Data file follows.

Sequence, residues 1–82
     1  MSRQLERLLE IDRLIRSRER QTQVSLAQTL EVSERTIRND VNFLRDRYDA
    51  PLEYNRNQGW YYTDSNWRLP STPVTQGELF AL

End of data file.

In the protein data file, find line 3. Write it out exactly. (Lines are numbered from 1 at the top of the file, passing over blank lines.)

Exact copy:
    51  PLEYNRNQGW YYTDSNWRLP STPVTQGELF AL